Workers displaced due to quarantine hit 630,000

02-Apr-2020 Intellasia | PhilStar | 12:21 PM Print This Post

More than 630,000 workers nationwide have been displaced by the impact of the coronavirus disease 2019 (COVID-19) pandemic, Labour Secretary Silvestre Bello III reported yesterday.

“As of March 31, our field monitoring already recorded more than 630,000 workers displaced either by reason of temporary closure or flexible work arrangements as reported by 15,213 establishments. Of these figures, 169,232 belong to the informal sector,” Bello said.

Bello appealed to employers to immediately submit reports to the Department of Labour and Employment (DOLE) so that they could extend financial and other necessary assistance to the displaced workers.

“DOLE is bent on providing assistance to as many of our workers in the formal economy sector as much as we give to informal sector workers,” Bello said, although noting that some companies refuse to submit their reports along with the payroll to the detriment of workers.

He said DOLE has distributed P160 million and is accelerating the release of financial assistance to affected workers.

According to Bello, the cash aid provided by DOLE is different from the P5,000 to P8,000 subsidy from the Department of Social Welfare and Development (DSWD) and assistance other agencies are providing under the Bayanihan to Heal As One law.

The new law provides a cash and non-cash Emergency Subsidy Programme (ESP) for two months based on the prevailing regional wage rates, but he said DOLE’s subsidy is a one-time quarantine assistance.

Meanwhile, DOLE informed employers that the one-month enhanced community quarantine (ECQ) period is excluded in the six-month probationary period of employees.

In an advisory, DOLE said the period within which the ECQ is imposed will not be included in counting the time an employee is under probationary employment.

Under the Labour Code, probationary employment shall not exceed six months from the date the employee started working. It mandates that an employee who is allowed to work after the six-month probation shall be considered a regular employee.

Yesterday, the Sentro ng mga Nagkakaisa at Progresibong Manggagawa (SENTRO) sought the implementation of income guarantees for each worker, including those in the informal economy and the unemployed, affected by the lockdown.

The workers said the current programmes of the government are steps in the right direction, but still insufficient for sustaining the needs of the population.

SENTRO secretary general Josua Mata said the solution is to ensure that working families are able to support themselves through the provision of income guarantees for all affected workers.

“All workers hit by the lockdown should receive government support equivalent to the prevailing regional minimum wage,” Mata said.

More than 6,000 establishments that employ about 190,000 workers have suspended operations because of the Luzon-wide lockdown for COVID-19, a report submitted by President Duterte to Congress showed.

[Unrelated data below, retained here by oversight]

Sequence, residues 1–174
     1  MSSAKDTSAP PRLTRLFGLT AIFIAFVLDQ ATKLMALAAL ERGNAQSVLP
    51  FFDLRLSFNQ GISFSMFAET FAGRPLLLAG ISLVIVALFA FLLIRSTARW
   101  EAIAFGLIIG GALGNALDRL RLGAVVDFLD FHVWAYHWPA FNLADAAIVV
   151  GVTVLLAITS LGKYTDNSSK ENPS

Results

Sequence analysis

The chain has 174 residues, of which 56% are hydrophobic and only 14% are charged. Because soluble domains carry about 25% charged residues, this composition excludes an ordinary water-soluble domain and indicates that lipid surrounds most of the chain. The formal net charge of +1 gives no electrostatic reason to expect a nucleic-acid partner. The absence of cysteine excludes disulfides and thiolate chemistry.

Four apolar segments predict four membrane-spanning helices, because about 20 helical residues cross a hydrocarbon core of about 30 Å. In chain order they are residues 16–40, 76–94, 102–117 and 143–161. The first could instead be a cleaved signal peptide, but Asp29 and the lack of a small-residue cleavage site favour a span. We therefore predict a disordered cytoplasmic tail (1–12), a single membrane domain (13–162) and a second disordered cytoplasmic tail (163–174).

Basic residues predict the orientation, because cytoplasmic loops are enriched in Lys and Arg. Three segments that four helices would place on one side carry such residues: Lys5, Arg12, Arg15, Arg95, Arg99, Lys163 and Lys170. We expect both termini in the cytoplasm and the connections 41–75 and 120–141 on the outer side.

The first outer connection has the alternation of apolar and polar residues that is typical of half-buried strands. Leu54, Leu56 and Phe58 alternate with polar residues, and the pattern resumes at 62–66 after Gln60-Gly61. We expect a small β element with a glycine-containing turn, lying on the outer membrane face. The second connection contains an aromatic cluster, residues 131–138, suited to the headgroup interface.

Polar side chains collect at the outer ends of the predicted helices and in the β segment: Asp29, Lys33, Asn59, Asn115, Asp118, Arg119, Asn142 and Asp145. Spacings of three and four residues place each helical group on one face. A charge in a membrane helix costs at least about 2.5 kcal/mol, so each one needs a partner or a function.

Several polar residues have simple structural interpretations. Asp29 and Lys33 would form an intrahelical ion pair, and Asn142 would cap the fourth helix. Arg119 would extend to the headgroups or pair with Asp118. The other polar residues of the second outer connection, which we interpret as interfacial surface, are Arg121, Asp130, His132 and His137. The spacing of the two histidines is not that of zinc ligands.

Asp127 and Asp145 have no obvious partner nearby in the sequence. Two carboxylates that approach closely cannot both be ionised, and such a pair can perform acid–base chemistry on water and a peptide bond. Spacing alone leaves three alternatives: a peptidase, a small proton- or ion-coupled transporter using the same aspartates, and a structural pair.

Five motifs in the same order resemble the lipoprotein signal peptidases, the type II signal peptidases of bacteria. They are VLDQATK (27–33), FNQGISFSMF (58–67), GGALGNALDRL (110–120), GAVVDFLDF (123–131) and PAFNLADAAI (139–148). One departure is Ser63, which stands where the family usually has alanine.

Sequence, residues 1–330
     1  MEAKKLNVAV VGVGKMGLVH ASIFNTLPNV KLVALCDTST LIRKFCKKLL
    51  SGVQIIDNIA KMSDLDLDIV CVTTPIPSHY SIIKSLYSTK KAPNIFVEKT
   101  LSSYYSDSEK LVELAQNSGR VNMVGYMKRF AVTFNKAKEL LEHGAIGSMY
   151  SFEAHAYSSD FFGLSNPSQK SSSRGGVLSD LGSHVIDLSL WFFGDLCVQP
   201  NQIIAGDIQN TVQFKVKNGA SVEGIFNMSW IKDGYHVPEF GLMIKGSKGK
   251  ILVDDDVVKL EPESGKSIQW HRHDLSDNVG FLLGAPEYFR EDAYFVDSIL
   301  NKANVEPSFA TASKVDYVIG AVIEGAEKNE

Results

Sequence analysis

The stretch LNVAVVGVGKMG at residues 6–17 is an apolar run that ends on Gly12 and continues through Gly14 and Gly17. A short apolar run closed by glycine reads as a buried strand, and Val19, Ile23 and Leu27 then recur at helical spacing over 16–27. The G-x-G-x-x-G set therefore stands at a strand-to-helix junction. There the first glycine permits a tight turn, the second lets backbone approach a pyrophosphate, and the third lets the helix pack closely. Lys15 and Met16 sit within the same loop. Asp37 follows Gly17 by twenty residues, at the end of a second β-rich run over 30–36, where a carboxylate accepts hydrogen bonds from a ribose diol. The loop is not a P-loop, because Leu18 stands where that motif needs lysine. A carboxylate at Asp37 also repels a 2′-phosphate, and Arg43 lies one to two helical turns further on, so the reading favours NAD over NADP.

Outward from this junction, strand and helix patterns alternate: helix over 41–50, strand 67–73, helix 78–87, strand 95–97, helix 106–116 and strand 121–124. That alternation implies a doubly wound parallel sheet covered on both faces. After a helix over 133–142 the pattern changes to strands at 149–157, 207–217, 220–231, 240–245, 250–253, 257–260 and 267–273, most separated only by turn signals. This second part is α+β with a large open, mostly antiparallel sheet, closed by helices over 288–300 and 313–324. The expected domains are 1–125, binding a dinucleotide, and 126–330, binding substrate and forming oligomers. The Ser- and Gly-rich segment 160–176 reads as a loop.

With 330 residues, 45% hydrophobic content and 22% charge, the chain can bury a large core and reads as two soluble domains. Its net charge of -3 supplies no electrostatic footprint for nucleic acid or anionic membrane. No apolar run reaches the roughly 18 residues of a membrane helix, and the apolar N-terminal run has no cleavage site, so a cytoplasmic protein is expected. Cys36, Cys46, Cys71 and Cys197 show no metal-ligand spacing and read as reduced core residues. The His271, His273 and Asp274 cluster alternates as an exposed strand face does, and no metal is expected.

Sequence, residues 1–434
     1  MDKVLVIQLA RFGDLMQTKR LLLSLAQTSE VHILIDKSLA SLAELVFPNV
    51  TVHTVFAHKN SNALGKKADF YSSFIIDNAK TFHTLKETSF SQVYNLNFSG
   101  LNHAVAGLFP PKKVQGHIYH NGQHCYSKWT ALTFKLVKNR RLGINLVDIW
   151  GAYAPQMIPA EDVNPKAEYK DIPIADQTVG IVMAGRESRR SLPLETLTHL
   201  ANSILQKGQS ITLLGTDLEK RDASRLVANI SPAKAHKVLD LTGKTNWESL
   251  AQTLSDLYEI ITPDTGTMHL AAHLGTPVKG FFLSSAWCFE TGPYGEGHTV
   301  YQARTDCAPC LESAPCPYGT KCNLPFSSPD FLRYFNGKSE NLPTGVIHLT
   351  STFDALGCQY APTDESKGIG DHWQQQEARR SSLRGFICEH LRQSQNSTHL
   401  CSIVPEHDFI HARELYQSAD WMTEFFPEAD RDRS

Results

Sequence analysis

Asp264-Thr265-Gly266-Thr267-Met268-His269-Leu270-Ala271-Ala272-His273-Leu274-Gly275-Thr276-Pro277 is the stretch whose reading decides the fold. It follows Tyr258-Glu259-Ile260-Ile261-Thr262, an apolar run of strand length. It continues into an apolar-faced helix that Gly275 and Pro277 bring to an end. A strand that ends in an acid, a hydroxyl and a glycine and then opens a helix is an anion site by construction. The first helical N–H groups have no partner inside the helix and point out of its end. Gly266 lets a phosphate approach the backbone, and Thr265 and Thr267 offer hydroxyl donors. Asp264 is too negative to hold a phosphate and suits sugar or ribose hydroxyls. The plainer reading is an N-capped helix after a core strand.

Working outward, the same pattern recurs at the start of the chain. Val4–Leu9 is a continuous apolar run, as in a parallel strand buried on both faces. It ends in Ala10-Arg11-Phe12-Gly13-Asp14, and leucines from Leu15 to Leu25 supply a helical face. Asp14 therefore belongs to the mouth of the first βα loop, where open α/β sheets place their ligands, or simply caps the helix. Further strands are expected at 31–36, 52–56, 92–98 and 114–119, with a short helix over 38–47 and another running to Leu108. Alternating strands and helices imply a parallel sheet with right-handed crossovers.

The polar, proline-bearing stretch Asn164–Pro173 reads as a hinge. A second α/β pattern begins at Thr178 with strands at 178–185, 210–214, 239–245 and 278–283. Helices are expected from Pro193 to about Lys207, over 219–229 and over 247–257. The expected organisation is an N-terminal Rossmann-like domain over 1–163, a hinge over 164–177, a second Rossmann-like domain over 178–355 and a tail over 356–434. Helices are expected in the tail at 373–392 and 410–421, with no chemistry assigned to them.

Duterte placed Luzon, home to more than 57 million people, under enhanced community quarantine from March 17 to April 13 because of the rising cases of COVID-19. The policy, which was intended to contain the disease, forced several businesses to close temporarily and informal and daily wageworkers to depend on food aid from government.?Data cited in Duterte’s first weekly report to Congress showed that more businesses chose to close shop temporarily compared to those who adopted flexible work arrangements.

“The DOLE has likewise noted 3,082 establishments (with 137,496 affected workers) implemented flexible work arrangements while 6,060 (with 190,932 affected workers) opted temporary closure,” the report read.

All government offices in the executive branch, meanwhile, have adopted alternative working arrangements, the report said. ?To provide relief to the affected workers, the administration has announced an unprecedented P200 billion aid package that will provide emergency support to low-income households for two months.

The assistance will come in the form of cash assistance and food aid to families with at least one member belonging to vulnerable or disadvantaged sectors including senior citizens, persons with disability, pregnant and lactating women, solo parents, indigents, indigenous people, public transportation, drivers, informal economy workers house helpers, operators of small stores and vendors.

The social welfare department will also provide P5,000 to P8,000 subsidies to 18 million low-income households for two months.

Earlier, the National Economic and Development Authority said the COVID-19 pandemic may slow economic growth to 4.3 percent or may even contract the country’s economy by 0.6 percent this year if mitigation measures are not undertaken. About 116,000 to 1.8 million jobs in the country may be lost because of the disease, the agency said.



Category: Philippines

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